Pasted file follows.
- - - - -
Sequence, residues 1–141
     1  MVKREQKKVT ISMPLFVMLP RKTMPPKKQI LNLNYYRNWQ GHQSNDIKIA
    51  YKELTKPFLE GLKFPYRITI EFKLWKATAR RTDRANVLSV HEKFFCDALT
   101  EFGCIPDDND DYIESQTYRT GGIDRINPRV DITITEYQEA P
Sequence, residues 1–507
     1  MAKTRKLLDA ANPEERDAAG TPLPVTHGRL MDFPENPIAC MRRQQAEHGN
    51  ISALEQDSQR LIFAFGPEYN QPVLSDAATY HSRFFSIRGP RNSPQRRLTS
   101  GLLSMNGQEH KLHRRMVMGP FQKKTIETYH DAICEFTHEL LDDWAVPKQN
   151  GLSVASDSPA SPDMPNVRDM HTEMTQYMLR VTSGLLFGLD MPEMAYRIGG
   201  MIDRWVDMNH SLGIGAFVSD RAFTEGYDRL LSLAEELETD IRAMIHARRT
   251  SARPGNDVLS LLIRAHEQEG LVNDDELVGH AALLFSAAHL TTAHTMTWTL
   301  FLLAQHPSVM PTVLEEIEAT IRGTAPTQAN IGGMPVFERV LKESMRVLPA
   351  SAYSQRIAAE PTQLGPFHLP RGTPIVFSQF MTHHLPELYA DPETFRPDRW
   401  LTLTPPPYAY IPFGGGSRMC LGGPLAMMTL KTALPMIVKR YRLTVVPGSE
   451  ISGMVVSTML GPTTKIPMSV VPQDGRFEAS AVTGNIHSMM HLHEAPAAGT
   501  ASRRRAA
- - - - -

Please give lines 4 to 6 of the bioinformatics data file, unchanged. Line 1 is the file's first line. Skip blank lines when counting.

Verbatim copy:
   101  EFGCIPDDND DYIESQTYRT GGIDRINPRV DITITEYQEA P
Sequence, residues 1–507
     1  MAKTRKLLDA ANPEERDAAG TPLPVTHGRL MDFPENPIAC MRRQQAEHGN